If your friends complain of receiving fraudulent e-mails from you and you can’t log into your account any more, your e-mail account may have been hacked. Hackers typically change your password and then send spam or fraudulent e-mail to people in the account's address book. How can this happen? You could have set yourself up for it by using a weak password, e.g., a word that is in a dictionary, a list of commonly used passwords (like “passw0rd, abc123, etc.), or information about you that can be found on the internet, e.g., your nickname; place or date of birth; home address; telephone number; the name of your spouse, child, pet, mother's madden name; etc. Read more...
Rogue Anti-Virus / Anti-Spyware Programs
A problem many computer users are experiencing lately, is a dramatic alert that their system is infected with multiple viruses, spyware and trojans, or has a serious security vulnerability -— and it stubbornly refuses to go away or to let the computer be used for anything useful. To remove the viruses or to fix the problem, users are told they must pay for the program that detected them. If it happens to you, don’t pay, it’s a scam! Read more...
Should I power off my computer when not using it?
There is an old debate that powering off computers when not in use is more stressful than leaving them running, so many people choose to leave them on constantly. Personally, I always place my computer in Sleep mode if I am going to be away from it for more than a minute. Hard drives have only so many hours (rotations) to live, so why waste them by leaving them running when no useful work is being performed. Having a drive become unreliable or unreadable may mean losing your data, and a major repair if Windows and programs need to be re-installed on a new drive.
There is a much more important reason to power down computers when not in use, and that’s the potential for a fire. Power supplies, video cards and the computer’s circuit board all use electrolytic capacitors that can fail over time and explode and catch fire! I have had such a failure in a power supply and it destroyed my two hard drives in the process. The noise nearly startled me to death; aluminum chaff was everywhere and the stink from the electrolyte was wretched! Fortunately, in my case, it did not catch fire and I was there when it happened anyway, so could have dealt with it if it had. You might not be so lucky. So, be sure to put your computer in Sleep or Hibernation mode when leaving it unattended for any length of time, especially if the computer is a few years old.
Microsoft Office Alternative — Free!
Most computers purchased today come with a time-limited trial of Microsoft Office, which includes Microsoft Word and Excel. MS Word is the de facto standard word processor used in business, government and education. So, sooner or later, computer users will need to open or send documents created by, or compatible with, Microsoft Word. The requirement and cost to register MS Office can come as a rude surprise, and at a time when the budget has already been spent. Fortunately, there are free alternatives... Read more...
A recent SquareTrade, Inc. study of 30,000 laptops reported that 31% of the brand new laptops failed within three years — 20.4% from hardware malfunction and 10.6% from accidental damage. The most reliable brands were found to be Asus, Sony and Toshiba and the least reliable to be Acer, Gateway and HP. Those tiny netbooks failed from hardware malfunction in their first year 20% more often than regular laptops. The three-year projected malfunction rates for netbooks, entry-level laptops and premium laptops are 25.1%, 20.6% and 18.1%, respectively. Read more...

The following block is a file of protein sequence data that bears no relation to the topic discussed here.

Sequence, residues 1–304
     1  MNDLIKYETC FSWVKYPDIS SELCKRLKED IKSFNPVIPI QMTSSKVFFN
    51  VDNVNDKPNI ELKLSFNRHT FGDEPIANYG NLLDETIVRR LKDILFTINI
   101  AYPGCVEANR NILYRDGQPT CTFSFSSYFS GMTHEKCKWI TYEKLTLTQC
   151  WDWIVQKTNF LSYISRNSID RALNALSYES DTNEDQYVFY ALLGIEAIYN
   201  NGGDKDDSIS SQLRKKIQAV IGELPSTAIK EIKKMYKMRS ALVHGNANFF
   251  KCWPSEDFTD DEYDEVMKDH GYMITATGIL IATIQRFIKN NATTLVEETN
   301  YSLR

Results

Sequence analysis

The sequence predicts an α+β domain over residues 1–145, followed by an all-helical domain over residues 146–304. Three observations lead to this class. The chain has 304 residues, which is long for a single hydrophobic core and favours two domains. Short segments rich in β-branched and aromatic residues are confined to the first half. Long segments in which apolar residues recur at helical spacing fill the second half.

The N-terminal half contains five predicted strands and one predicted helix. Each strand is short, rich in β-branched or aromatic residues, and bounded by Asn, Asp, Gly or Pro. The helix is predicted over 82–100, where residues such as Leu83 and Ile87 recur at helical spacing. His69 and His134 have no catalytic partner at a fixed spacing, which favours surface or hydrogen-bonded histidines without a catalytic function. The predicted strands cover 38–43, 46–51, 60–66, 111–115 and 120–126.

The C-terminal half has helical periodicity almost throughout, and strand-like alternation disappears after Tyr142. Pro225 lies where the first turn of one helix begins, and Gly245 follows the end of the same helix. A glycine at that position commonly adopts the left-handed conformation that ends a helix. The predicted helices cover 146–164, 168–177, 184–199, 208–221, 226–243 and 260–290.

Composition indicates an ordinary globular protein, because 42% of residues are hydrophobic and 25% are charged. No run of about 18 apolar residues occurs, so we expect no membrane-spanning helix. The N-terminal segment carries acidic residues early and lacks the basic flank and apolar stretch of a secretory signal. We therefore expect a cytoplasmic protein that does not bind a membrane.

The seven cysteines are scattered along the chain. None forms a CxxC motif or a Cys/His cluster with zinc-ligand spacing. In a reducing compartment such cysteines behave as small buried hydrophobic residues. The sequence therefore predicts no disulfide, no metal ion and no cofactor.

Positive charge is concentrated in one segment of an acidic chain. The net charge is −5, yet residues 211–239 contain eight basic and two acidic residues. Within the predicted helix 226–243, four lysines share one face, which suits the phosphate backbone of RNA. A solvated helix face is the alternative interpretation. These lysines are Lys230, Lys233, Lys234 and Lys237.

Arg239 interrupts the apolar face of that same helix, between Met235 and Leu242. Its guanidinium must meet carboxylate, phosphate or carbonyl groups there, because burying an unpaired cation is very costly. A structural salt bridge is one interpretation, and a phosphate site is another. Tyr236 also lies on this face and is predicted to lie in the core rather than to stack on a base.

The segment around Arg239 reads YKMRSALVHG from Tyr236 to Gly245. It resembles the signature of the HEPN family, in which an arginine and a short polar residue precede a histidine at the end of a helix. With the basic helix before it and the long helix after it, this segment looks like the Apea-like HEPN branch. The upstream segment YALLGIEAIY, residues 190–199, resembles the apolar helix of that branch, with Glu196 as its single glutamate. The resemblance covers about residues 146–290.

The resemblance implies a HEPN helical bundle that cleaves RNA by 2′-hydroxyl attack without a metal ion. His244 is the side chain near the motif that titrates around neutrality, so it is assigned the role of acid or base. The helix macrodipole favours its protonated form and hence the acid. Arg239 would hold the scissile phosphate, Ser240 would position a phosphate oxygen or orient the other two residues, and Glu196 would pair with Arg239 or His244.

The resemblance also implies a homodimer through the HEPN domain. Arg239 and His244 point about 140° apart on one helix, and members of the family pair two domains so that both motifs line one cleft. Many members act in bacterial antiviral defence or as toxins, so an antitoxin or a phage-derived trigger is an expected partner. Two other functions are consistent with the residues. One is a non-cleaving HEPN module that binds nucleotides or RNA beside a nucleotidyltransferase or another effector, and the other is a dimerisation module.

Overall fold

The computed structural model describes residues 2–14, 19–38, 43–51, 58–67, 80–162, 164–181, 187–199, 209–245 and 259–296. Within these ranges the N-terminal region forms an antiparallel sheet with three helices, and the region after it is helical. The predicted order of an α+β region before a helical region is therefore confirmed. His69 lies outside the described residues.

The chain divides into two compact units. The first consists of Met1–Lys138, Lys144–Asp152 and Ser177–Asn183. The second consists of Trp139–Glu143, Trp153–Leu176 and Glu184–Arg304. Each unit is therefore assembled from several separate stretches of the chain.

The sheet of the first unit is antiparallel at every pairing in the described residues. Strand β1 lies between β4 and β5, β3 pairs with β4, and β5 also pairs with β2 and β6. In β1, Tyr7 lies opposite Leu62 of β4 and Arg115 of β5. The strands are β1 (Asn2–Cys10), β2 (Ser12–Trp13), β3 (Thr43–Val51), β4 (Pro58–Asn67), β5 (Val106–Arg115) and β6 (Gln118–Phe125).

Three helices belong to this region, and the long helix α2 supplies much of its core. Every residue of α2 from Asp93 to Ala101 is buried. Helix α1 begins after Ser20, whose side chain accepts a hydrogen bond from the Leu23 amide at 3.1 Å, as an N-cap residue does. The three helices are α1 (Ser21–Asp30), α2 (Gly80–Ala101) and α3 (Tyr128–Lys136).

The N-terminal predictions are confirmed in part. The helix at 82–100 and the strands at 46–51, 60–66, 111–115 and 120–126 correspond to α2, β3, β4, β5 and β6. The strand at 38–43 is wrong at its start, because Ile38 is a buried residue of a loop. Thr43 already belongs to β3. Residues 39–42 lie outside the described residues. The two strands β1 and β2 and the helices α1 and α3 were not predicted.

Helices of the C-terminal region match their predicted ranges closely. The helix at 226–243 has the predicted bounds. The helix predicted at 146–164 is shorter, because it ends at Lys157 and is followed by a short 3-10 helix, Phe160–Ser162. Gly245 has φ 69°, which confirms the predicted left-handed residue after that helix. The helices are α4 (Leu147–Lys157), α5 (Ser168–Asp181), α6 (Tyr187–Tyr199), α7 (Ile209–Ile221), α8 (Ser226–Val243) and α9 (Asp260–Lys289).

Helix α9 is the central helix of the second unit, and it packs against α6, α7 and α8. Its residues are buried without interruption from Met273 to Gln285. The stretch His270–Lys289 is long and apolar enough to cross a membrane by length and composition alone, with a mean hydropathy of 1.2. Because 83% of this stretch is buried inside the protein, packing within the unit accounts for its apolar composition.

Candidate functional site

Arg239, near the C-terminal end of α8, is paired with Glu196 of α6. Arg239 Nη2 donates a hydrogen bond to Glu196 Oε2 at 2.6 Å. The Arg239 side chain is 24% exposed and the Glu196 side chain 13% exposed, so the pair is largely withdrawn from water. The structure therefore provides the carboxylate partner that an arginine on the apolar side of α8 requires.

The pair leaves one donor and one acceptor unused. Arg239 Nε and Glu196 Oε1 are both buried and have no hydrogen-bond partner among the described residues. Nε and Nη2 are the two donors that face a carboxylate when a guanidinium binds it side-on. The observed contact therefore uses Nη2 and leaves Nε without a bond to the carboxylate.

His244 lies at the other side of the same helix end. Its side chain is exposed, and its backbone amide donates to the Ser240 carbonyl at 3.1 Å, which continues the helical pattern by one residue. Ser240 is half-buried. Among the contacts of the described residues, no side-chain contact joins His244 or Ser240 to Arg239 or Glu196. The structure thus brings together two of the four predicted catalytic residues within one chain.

What would you do if your hard drive crashed while you were reading this? Are there any e-mails, address books, files or documents you would regret losing forever? How about school homework/projects, or personal pictures that can't be replaced because someone in them is no longer available or they were a magical moment, lost to time? If you don't backup the personal information on your computer on a regular basis, you could really regret it one day, maybe even today! Read more...
Hard Drive Images
A hard drive image is a file that contains all the software and data that resides on your computer's hard drive, including application programs, your documents, pictures, music, favorites and desktop items, configuration settings and the operating system. It can be used to restore your computer to work and look exactly as it did when you created the image -- in approximately half an hour, versus a few hours if you need to reinstall Windows and don't have a drive image! Read more...
Say WOT? Video Professor a Scam?
Who hasn’t seen the ubiquitous TV ads for the Video Professor’s “Free” computer training lessons on CD? They also appear on the company's website, and on sites listed in search engine results and in Facebook ads. Be aware that If you order the CDs and don’t return at least one CD within the ten-day trial period, it may cost you almost $300 USD, according to an article by Michael Arrington of TechCrunch. Read more...
Power Bar Surge Protection
With thunderstorms, comes the risk of power surges caused by lightning strikes. Where we live, there is also the risk of power outages and momentary power interruptions due to rampant residential growth that has overtaxed the community's power distribution capacity. Read more...
Uninterruptible Power Supply (UPS)?
Another device that offers protection from power quality problems, is an Uninterruptible Power Supply, or UPS. If your computer unexpectedly reboots itself when lights are switched on or an appliance on the same household circuit starts up, or during thunderstorms, you need a UPS. A UPS contains a battery, a battery charger and an inverter which converts the battery voltage back into 110 volts AC just like that from a wall socket. In the event of a power failure, the battery... Read more...